Memoirs of a Fox-Hunting Man/the Pathway
by CowardMeCann Co. 1929. 12mo. viii-376 pp. $2.50.. New York:
by E. P. Dutton & Co. 1929. 12mo. x+397 pp. $2.50.. New York:
Two English novels by writers who draw their inspiration peculiarly from the English countryside and from the experiences of the war invite consideration together.
Memoirs of a Fox-Hunting Man is the first novel by Mr. Sassoon, who was made known to us by his war poems and the deeply impressive readings in which he delivered them in America the year following the war. His prose shows that he has freed himself from the intense revulsion that possessed him directly after the Armistice; it is evidence of a more cool, dispassionate contemplation than is to be seen in his Satirical Poems of 1926.
It is a peculiarly English story that, he gives us, dealing as it does with fox-hunting, county cricket, steeplechasing, and London tailors — those adjuncts to living, peculiarly delightful to the English, which are here made to appear — not in irony as if they were the very essence of life itself. The subject of the Memoirs is ‘an active young man who asks nothing more of life than £1200 a, year and four days a week with the Packlestone [hounds],’ who spends ten years preparing himself for such an ideal existence, and who is then caught up by the war, the horrors of which he occasionally escapes by commandeering an old black mare and riding out on imaginary hunts a few miles behind the lines. And the war, though it opens no future, does afford him a perspective down which he can gaze at his past.
It is a bachelor book (a maiden aunt is the only feminine presence), a book of few memorable characters, a book whose scant humor and great reserve often result in calm monotony, a book which in its own borders may conceivably be appreciated for more than its face value. — appreciated, that is, for its sincere and faithful detail. — but which otherwheres may be regarded as a picture of a self-contained Englishman whose devotion to horses and pursuit of the fox seem curiously out of focus in a trying world.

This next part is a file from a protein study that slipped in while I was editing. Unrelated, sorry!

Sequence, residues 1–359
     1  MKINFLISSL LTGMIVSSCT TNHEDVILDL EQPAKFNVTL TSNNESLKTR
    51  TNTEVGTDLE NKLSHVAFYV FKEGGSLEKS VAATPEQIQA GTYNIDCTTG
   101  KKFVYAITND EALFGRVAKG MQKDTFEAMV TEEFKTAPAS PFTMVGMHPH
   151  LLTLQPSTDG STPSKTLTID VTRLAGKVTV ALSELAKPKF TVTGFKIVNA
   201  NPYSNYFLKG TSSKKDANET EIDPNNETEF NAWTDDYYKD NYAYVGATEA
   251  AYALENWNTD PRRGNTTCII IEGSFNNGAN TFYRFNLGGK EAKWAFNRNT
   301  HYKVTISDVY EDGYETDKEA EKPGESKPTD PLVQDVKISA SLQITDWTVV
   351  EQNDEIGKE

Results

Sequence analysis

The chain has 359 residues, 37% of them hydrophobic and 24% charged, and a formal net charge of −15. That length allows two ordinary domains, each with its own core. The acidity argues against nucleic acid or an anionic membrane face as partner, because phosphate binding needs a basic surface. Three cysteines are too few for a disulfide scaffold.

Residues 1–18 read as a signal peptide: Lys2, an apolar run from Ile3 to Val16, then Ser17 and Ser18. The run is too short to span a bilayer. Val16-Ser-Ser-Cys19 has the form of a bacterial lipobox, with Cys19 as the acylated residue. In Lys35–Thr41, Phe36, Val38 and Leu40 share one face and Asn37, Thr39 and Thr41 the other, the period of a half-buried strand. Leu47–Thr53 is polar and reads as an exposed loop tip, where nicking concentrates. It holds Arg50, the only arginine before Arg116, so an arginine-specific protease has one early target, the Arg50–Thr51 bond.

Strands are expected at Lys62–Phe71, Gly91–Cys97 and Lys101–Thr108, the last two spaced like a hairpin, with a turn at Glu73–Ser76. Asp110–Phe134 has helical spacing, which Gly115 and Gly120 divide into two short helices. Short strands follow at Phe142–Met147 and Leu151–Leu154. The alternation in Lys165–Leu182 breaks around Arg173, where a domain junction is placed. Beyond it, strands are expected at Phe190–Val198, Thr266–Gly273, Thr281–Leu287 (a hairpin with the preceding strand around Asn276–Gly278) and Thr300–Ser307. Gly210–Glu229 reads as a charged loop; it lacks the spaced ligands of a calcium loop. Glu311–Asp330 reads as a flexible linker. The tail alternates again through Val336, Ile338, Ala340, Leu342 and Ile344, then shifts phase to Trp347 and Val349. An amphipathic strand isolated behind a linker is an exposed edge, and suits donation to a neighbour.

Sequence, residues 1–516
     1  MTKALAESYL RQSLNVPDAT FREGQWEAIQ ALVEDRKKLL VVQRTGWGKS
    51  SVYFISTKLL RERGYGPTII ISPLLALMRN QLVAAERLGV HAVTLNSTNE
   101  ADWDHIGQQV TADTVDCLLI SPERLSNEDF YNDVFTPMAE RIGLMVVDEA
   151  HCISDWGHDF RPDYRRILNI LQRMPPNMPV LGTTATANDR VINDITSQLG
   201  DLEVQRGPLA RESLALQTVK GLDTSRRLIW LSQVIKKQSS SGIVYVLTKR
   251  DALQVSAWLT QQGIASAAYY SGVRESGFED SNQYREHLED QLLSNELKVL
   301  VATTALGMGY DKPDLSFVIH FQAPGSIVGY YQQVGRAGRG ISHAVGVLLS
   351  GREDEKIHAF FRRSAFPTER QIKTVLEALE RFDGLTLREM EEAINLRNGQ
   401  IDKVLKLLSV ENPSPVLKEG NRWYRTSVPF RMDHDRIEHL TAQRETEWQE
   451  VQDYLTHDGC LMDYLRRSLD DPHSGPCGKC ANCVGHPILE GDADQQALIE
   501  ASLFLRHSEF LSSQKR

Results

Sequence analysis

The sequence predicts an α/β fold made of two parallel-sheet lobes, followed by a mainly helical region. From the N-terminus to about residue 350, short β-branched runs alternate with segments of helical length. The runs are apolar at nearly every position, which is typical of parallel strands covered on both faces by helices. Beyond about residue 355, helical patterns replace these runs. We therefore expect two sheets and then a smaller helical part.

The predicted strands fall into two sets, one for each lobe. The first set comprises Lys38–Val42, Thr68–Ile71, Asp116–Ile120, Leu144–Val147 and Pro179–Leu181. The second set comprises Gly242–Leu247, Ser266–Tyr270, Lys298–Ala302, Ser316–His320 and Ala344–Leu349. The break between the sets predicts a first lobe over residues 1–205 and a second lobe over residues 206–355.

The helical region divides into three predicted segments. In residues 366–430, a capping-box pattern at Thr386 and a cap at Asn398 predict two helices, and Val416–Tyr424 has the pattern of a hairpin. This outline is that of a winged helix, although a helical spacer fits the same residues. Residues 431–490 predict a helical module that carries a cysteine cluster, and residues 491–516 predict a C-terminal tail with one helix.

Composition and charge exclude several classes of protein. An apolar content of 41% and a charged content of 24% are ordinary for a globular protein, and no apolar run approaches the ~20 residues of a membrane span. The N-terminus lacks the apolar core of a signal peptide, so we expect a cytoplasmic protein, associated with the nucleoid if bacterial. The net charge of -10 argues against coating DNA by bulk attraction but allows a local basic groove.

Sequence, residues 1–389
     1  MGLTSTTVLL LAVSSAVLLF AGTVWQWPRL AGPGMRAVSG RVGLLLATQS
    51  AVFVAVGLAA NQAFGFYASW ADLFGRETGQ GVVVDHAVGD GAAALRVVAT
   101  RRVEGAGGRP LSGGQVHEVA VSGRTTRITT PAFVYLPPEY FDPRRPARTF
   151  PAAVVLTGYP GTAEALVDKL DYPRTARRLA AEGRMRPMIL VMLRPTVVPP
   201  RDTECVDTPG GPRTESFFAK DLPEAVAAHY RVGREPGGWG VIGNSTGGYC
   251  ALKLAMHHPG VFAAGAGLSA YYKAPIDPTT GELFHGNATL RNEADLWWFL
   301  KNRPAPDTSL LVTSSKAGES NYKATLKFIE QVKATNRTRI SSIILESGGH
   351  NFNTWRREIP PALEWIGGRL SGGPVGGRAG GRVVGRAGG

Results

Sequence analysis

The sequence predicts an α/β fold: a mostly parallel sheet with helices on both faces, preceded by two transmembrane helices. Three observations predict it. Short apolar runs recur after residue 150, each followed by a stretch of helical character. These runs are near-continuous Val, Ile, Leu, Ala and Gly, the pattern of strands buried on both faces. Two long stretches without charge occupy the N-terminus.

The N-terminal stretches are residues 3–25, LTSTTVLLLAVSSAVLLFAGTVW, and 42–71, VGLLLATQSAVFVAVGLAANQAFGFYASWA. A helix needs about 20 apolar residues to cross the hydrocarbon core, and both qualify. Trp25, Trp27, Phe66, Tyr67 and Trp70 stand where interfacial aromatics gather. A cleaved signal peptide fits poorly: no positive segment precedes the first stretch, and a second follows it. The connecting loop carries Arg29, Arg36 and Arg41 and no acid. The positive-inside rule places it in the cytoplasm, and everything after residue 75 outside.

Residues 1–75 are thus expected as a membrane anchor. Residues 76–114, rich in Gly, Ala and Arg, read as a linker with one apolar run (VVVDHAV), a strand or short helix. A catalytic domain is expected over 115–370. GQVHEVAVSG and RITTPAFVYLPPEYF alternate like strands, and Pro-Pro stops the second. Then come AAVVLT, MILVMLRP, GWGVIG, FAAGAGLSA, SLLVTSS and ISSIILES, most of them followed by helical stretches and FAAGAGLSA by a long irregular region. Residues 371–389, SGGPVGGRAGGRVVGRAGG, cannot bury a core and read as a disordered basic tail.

If Henry Williamson has come slowly into our focus it is our fault, and American readers will be the poorer if they do not make amends. Mr. Galsworthy remarked his genius three years ago. In 1928 Williamson’s novel, Tarku the Otter, His Joyful Waterlife and Death in the Country of the Two Rivers, was awarded the Hawthornden Prize, and this year The Pathway, a novel on which he has been engaged for four years, seems destined to receive the hearing that has long been owing him.
The Pathway is laid in Devon, the country where, since tlie Armistice, Williamson has dwelt in a hermit’s stronghold — a single-room cottage on the edge of the moors. That at least was where his mail was delivered; according to rumor, he passed both days and nights on the, I Devon coast and moorlands in intimacy with the oldest of English inhabitants. His knowledge of birds and beasts, of trees and stars and flowers, might have been inherited from W. H. Hudson: not only is it sensitive and acute, but—as The Pathway bears ample evidence,— it can be fluently expressed.
The story has to do with a modern Shelley and his influence upon each member of a large country family. The Shelley — his name is Maddison and he can be suspected of having much in common with the author — is ‘a creature of light,’ a mystic, erratic and profound in his approach to the business of life. And, like Shelley, his contradiction of the established order brings suffering to himself and those who love him, though the memory of his freedom and eloquence may endure. It is the tragic story of the prophet without honor in his own country.
Such faults as there are — a tendency to overwrite his descriptions, a carelessness in defining the character relations, a little too much insistence on idealizing, — these are far more than counterbalanced by the fine modeling of the individuals, the breadth and tenderness of his creature-lore, and by the beauty of a vocabulary derived, like the huntsman’s, from the earth, but so much more varied and sensitive.